The App class takes care of the initialization and basically you assign a new instance of your Page class to the App.RootVisual property and through the power of Silverlight it appears on your screen. 🙂

So if you wanted to change the currently displayed UserControl for another instance naturally you’d try and set the App.RootVisual property to another instance of a UserControl. This sounds great in theory but it seems that its a single assignment property. Pete Brown’s blog post happens to make mention of this.

So in a quest to solve the problem I’ve implemented a very simple UserControlContainer class that allows the developer to switch controls at runtime without having to deal with the set once RootVisual property.

Simply create a new UserControl called UserControlContainer and copy the following into the UserControlContainer.xaml.cs file:

    public void SwitchControl(UserControl newControl)
        if (newControl != null)
            Height = newControl.Height;
            Width = newControl.Width;

Next set your Application instance RootVisual to an instance of the new UserControlContainer in the Application_Startup method.

    private void Application_Startup(object sender, StartupEventArgs e)
        // Load the main control
        this.RootVisual = new UserControlContainer();
        Page page = new Page();

Then wherever you need to switch out the active control, simply call the following if you are inside App.xaml.cs:

    TestControl1 testControl = new TestControl1();

Or the following if you need to switch controls from elsewhere:

    TestControl1 testControl = new TestControl1();

If you find this useful or find any issues with this method, let me know so I can improve it for all.


Updated 2008-03-13: Added Application_Startup example. Thanks to Maurice for pointing this omission out.

[tags]Silverlight 2.0,code,example[/tags]

Xbox LIVE getting XNA games and more

XNA Finally the marriage between Xbox LIVE and XNA has been announced. Major Nelson live blogged it from GDC (Game Developers Conference) in San Francisco on his twitter feed and promptly posted about it.

It was just announced at GDC that we are introducing a new, open distribution service for games created by the community. Games created with the XNA Game Studio will be available over Xbox LIVE. Later today, seven games created by the community will be available for download over Xbox LIVE.

Up until this announcement community and hobbyist game developers have been rather limited in terms of distribution of their games. XNA games produced using the awesome (and free) XNA Game Studio 2.0 have only been able to distribute XNA games through the paid for XNA Creators Club. An open distribution service sounds like an awesome new facility that could seriously blow open the casual gaming market for hobbyist and community game developers.

Other highlights I happened to notice on Major’s live blogging feed up to this minute include:

  • XNA games are coming to the Zune. This could be a huge leap for the Zune mobile media player that could start to encroach on the iPod’s market share.
  • There will be over 1,000 games on the Xbox 360 by the end of the year.
  • The Halo 3 community is uploading approximately 100,000 pieces of user generated content per day, that is 30% more content than all of the daily uploads on YouTube.
  • As of 2007, gaming is bigger than music on a global basis. Wow, I’m sure the music executives can’t be too happy about that, watch out film industry, you’re next. 😉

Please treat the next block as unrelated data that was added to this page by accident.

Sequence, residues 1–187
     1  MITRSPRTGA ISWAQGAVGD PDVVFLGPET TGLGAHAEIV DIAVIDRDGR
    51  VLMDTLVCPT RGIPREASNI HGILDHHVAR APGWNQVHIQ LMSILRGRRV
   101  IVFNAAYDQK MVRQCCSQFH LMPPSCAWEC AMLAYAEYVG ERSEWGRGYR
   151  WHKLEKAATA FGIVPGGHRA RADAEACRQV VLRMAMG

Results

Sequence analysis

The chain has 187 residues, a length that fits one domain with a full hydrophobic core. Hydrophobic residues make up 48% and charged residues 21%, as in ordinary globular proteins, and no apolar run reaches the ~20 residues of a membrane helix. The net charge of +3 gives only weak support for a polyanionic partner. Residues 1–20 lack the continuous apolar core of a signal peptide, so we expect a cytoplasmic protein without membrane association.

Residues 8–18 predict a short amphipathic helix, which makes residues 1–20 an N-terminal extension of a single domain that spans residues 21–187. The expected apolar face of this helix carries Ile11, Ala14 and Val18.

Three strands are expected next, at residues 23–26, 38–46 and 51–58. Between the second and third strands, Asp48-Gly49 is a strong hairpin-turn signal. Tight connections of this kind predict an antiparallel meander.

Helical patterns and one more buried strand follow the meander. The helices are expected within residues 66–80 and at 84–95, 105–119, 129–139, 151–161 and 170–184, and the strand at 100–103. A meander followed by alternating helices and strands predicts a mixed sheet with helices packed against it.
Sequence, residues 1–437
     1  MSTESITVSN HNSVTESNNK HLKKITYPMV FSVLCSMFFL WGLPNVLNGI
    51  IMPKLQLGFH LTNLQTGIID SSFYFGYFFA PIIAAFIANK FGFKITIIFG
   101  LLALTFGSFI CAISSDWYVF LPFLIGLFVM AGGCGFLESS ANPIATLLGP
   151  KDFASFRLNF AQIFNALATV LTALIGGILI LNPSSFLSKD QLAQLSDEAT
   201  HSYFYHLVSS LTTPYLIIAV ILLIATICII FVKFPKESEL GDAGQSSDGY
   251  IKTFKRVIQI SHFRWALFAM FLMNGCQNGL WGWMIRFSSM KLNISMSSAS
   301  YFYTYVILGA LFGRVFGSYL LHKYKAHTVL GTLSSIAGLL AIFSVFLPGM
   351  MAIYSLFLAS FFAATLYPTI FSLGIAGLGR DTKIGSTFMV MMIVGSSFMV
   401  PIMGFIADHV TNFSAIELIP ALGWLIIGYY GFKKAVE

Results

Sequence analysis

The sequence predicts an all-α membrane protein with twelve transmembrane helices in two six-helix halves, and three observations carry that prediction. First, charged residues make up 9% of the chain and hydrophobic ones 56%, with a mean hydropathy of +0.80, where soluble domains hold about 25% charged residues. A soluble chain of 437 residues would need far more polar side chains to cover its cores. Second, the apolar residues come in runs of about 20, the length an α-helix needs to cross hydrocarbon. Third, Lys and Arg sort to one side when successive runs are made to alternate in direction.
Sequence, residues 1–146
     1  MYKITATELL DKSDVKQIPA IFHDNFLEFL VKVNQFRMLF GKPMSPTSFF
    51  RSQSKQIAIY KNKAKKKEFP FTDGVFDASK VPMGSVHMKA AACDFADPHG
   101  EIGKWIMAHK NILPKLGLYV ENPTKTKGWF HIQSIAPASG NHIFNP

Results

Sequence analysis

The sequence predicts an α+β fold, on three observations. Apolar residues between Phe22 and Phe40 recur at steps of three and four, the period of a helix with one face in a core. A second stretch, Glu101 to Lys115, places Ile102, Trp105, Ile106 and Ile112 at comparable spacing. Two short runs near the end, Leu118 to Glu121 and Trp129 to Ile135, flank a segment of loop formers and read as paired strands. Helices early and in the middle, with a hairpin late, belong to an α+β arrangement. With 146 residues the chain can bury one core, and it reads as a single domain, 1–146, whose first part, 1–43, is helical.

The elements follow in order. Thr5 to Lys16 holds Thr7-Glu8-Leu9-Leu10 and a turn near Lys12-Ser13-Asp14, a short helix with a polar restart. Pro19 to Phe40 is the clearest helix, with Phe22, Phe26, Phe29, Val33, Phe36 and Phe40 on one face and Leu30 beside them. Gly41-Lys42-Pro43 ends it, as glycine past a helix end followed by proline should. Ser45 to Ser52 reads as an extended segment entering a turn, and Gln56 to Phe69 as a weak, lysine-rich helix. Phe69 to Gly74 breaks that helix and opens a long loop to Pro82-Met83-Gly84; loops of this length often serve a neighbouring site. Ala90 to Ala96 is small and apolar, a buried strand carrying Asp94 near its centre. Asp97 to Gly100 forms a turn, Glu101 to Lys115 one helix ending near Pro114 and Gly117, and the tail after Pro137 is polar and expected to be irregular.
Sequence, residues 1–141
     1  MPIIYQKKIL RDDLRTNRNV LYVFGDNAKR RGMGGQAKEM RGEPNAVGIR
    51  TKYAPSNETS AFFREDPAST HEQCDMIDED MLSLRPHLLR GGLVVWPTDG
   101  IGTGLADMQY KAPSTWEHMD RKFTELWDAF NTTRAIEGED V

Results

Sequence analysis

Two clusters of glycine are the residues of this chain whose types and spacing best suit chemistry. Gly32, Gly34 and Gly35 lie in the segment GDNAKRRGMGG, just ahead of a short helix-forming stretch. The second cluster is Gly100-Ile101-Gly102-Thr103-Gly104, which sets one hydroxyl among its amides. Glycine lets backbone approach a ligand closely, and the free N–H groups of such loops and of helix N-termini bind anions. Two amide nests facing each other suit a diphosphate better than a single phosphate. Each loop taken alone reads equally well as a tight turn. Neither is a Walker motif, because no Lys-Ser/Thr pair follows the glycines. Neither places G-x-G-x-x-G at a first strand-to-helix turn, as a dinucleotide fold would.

Watch this space for more interesting tidbits as they get announced.

[tags]Xbox 360,XNA,Zune[/tags]

The pain of SQL Server and working with dates

How many times have you tried to design an efficient database table design in SQL Server only to stumped with the problem of storing pure date values. Yes the currently released versions of SQL Server (up to 2005) don’t support a pure date only data type. Note that SQL Server 2008 add the new DATE data type which should make this post semi-redundant. This can prove painful when you wanting to store values for a specific day. So you end up getting creative. My normal solution is to put a check constraint on the column to enforce that the date value represents the start of the day or 00h00. Oh and I generally make sure I store all my date and time values in UTC so I can render to any time-zone that my application desires.

Here is an example of how I’d do a check constraint on column UtcDate. Note how I effectively truncate the floating-point representation of the date and time value and check that it equals the column value. Also I store it as a SMALLDATETIME as I’m not needing more than 1 minute accuracy. Oh and I’ve tried to reformat the examples to be easier to read on the web, I hope it works. 🙂 

CREATE TABLE [dbo].[Foo]
            CONSTRAINT [CK_Foo_UtcDate]
             CHECK (FLOOR(CONVERT(FLOAT,[UtcDate]))=CONVERT(FLOAT,[UtcDate]))

This method works great for me but in searching for a way to truncate the minutes of a DATETIME to a specific interval I found another approach that not only looks more elegant but most likely performs a lot better. I haven’t run any proper performance tests so I’d appreciate some feedback from those that have done some testing.

CREATE TABLE [dbo].[Foo]
            CONSTRAINT [CK_Foo_UtcDate]
             CHECK (DATEADD(DAY,DATEDIFF(DAY,0,[UtcDate]),0)=[UtcDate])

It looks a lot more efficient than my previous approach, hopefully it is. Oh and take a look here for more very useful tips and tricks when working with dates and times in SQL Server.

[tags]SQL,SQL Server[/tags]

Visual Studio 2008 released

Yeah its official, Visual Studio 2008 and the .NET Framework 3.5 was officially released today. You can read Somasegar’s announcement post over here. If you have been chomping on the bit waiting for the release then head on over and download 90-day trial editions, the Express editions and the full ISOs which are available to MSDN Subscribers from here.

Congratulations to the Visual Studio and .NET Framework teams, they have certainly delivered great product this time around.

[tags]Visual Studio 2008,Orcas[/tags]